WASHINGTON, D.C. — President Joe Biden signed an executive order on Wednesday that made sexual harassment an offense under the Uniform Code of Military Justice, the legal framework that governs members of the United States military.
According to the White House, Executive Order 12743 “strengthens the military justice system’s response to gender-based violence and delivers on key recommendations from the Independent Review Commission on Sexual Assault in the Military,” an initiative launched last March by Defense Secretary Lloyd Austin.
Biden’s executive order also “strengthens the military justice response in prosecuting cases of domestic violence, and fully implements changes to the military justice code to criminalize the wrongful broadcast or distribution of intimate visual images,” according to the White House press release.
The order went into effect immediately after signing on Wednesday.
The order reinforces reforms to the military justice system the President signed into law in December through the National Defense Authorization Act, which included components of the “I am Vanessa Guillén” Act.
Today, I signed an Executive Order to strengthen how our military justice system addresses several forms of gender-based violence — and added sexual harassment as an offense under the Uniform Code of Military Justice, in honor of Army Specialist Vanessa Guillén. pic.twitter.com/7BJoWeBJoT
— President Biden (@POTUS) January 27, 2022
Guillén, a 20-year-old Army specialist stationed at Fort Hood, Texas, was murdered by a fellow soldier on April 22, 2020. Some of her remains were discovered buried along the Leon River over two months later, sparking outrage and memorials nationwide, including murals in the Columbia Heights neighborhood of Washington, D.C., and Guillén’s hometown of Houston, Texas.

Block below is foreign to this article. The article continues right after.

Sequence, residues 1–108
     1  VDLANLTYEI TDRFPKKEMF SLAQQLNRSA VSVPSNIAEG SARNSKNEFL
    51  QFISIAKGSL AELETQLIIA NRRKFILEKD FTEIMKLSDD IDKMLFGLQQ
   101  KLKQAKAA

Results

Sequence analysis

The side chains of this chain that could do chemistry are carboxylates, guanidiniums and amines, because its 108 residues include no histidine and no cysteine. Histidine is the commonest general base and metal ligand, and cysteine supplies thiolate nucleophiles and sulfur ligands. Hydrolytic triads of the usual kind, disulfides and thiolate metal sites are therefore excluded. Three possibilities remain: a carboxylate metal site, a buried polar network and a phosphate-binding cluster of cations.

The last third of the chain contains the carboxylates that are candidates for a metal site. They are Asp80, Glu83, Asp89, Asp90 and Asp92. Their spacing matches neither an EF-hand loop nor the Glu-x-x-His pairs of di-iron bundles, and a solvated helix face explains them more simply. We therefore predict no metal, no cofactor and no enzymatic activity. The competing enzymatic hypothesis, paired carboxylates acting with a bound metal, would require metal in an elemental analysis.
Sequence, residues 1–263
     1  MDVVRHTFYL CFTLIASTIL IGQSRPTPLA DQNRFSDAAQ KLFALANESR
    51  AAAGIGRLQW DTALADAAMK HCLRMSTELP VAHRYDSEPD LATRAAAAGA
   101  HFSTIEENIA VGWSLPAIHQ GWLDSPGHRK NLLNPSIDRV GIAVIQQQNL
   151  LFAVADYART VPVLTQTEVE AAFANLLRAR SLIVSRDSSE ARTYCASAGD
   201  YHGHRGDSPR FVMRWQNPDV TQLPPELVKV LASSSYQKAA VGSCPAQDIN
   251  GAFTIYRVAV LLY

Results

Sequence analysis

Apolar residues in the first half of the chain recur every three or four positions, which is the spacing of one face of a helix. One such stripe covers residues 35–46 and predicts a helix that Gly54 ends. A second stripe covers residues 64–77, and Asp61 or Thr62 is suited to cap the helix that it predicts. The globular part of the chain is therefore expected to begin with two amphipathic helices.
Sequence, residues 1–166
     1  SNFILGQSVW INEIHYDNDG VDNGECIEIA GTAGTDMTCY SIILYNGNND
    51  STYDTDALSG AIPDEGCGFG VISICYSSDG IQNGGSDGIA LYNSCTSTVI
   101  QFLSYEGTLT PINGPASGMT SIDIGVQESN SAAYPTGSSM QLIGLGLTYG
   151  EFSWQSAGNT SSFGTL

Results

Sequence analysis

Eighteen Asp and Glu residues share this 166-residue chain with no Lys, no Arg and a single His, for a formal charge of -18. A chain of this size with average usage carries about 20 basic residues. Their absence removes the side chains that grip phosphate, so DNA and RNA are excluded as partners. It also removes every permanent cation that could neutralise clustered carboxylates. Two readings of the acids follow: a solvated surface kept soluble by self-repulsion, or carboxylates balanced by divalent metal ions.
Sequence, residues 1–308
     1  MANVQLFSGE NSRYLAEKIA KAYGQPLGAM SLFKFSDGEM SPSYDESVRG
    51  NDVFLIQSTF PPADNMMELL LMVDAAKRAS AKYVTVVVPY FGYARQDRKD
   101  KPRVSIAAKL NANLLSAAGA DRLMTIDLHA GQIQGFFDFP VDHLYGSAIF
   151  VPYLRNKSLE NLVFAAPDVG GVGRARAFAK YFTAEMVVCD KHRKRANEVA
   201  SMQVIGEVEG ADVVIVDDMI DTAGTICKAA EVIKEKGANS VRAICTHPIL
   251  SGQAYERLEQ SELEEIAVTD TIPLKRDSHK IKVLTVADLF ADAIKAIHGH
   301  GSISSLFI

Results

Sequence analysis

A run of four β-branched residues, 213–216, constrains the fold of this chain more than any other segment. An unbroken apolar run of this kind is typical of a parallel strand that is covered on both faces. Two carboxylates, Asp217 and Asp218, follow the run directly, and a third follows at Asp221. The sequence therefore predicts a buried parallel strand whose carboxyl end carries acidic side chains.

In September 2020, lawmakers led by Rep. Jackie Speier (D-CA) introduced the legislation in Guillén’s name, aimed at strengthening sexual harassment enforcement within the U.S. armed services.
“It’s not fair that this had to happen to Vanessa for everyone to pay attention,” Vanessa’s sister Mayra said at a news conference announcing the legislation. “She is now an American hero that will save lots of lives.”
Vanessa’s family said that prior to her disappearance she had been sexually harassed and that she didn’t think she could tell her superiors.
“It took so much to put my feelings aside and fight for what’s right,” tweeted Mayra Guillén. “I didn’t have a chance to grieve… Looking for you on a daily basis for almost two months, not knowing the outcome. Tears of both joy and sadness. You made the world a better place. Now let’s fight for justice.”
It took so much to put my feelings aside and fight for what’s right. I didn’t have a chance to grieve… Looking for you on a daily basis for almost two months, not knowing the outcome. Tears of both joy and sadness. You made the world a better place. Now let’s fight for justice. pic.twitter.com/WOLNLbaNuV
— Mayra Guillen (@mguilen_) January 26, 2022
“This is a testament to Vanessa’s legacy and her family’s resiliency, and I commend Biden’s action on this critical issue,” tweeted Rep. Speier. “But more attention is needed!”
Julie Chavez Rodriguez, White House director for intergovernmental affairs, echoed Speier. “[The President’s executive order] makes important changes to the [Uniform Code of Military Justice] and will help save lives,” she tweeted.
Pablo Manríquez is the Washington correspondent for Latino Rebels. Twitter: @PabloReports